As President Obama has made a point of this election season, during his term US oil production has increased from what was considered a terminal decline just a few short years ago. (See my previous article on the subject.)
At the second presidential debate Mr. Obama stated:
“We have increased oil production to the highest levels in 16 years. Natural gas production is the highest it’s been in decades. We have seen increases in coal production and coal employment.”
Who exactly is this ‘we’ who has been responsible for the extraordinary increase in production?
Natural gas production on federal lands has decreased 16 percent since 2008. The gas production Obama is speaking about is on private and state lands. Production of gas on federal lands, where the administration wields the most power has been declining for a decade. In fact, in 2003 federal lands accounted for 35% of total U.S. natural gas production. Today they account for just 20%.
This rebirth of the United States as a global leader in natural gas production is purely a result of the revolution in hydraulic fracturing and horizontal drilling and has taken place on non-federal lands. A decade ago shale gas accounted for zero of total gas produced in the U.S. This year shale and tight gas accounts for over half of the gas produced, again this is on non-federal lands. Lands where private individuals, and independent and major oil companies do business.
The president is fortunate to have been in office during this revolution, but to use this as a talking point to seduce voters is in poor taste. This statement is akin to stating that there are more iPhones in the hands of everyday Americans than there were prior to his entering office. True, yes.
This ‘we’ the president talks about are the men and women of the oil and gas industry, and the non-federal mineral rights owners who trade with them.
In the case of oil production, there has been much made of the fiscal year [FY] 2010 to 2011 13% decline in oil volume produced on federal lands. What has not been pointed out is that during this same period, non-federal land production totals increased by 11%. From FY2007-FY2011 production on federal land has increased about one percent while production on non-federal lands has increased by over 15%. Furthermore, non-federal lands contribute about 70 percent of total U.S. oil production meaning that they are responsible for about 96% of the total oil production increases. Given the fact that this data comes straight from a recent congressional research paper, we assume the president knows this.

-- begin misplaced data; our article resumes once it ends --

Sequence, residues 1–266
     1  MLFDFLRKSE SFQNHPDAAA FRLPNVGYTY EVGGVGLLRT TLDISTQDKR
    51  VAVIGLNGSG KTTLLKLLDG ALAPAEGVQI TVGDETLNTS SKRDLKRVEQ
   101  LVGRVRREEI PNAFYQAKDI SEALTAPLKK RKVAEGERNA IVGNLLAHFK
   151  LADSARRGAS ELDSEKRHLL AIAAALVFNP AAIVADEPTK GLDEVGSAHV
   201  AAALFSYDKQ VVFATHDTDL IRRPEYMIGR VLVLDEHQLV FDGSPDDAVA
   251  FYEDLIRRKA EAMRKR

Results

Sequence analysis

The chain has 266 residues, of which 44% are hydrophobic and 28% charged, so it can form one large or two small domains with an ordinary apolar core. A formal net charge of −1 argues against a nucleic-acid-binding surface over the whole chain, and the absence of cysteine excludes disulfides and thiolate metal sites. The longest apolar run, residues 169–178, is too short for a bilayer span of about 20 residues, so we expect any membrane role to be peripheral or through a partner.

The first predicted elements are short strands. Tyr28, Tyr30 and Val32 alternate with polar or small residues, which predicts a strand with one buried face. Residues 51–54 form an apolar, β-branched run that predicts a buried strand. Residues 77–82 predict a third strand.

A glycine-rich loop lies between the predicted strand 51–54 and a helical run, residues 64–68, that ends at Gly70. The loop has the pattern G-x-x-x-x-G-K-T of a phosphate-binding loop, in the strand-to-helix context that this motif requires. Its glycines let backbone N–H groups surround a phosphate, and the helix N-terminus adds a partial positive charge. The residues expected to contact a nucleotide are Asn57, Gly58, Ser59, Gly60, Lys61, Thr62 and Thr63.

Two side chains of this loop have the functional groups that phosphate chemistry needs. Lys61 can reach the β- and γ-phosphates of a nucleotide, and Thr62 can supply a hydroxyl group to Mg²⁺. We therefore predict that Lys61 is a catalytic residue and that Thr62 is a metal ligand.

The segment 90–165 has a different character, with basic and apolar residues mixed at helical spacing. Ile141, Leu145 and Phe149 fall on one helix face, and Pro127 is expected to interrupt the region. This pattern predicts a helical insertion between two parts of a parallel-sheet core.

Multi-billion dollar projects searching for oil and gas in thousands of feet of water take much time to come online. How much of current offshore production volumes result from Obama’s policies or come from those of prior administrations is debatable. Not up for debate is the fact that under this administration over 85% of the U.S. continental shelf is closed for oil and gas drilling. Leases have been cancelled, withdrawn both onshore and off, and the oil permit process now takes twice as long as the former 5-year average wait time.
During the second presidential debate, Mr. Romney stated, “In the last four years, you cut permits and licenses on federal land and federal waters in half.”
To this, Obama replied, “Not true.”
Below are the government numbers on federal leases, decide for yourself.
According to the National Resource Council the pre-election lease sale offered by the administration was simply a recycling of leases offered last December.
Meanwhile the energy renaissance has propelled states like North Dakota to produce three times 2008 totals, and over 6 times 2001 levels, resulting in state unemployment rates around 3%. The president’s contribution to this once in a lifetime event is that he supports the EPA’s attempt to usurp state and local regulatory bodies. He threatens the golden goose, yet takes credit for the egg.
The Outer Continental Shelf Lands Acts states that the royalty rate (percentage of production paid to the government) be no less than 12.5% the value of production, with leases beginning in 2008 increasing to 18.75%.
According to the Office of Natural Resource Revenue, total royalties, rents, bonus bids and other revenues collected from the oil and gas industry for development of Federal Offshore and Onshore lands was$9 billion. If the cut from Indian lands is included, this is increased to $10 billion. Add coal production to this list (another fossil fuel), and the total 2011 government take was $11,162,242,458 billion. Six billion of these dollars went straight to the U.S. treasury.
The House Committee on Natural Resources states that Obama’s 2012-2107 lease plan offers the lowest amount of leases ever offered. If the administration truly wishes to increase production and wants more money from the oil industry, we suggest they do what they have refused to the past four years. Simply give producers permission to do what they do best-explore and develop. There is enormous opportunity on federal lands, if individuals of expertise and ambition are allowed to build. Let them.
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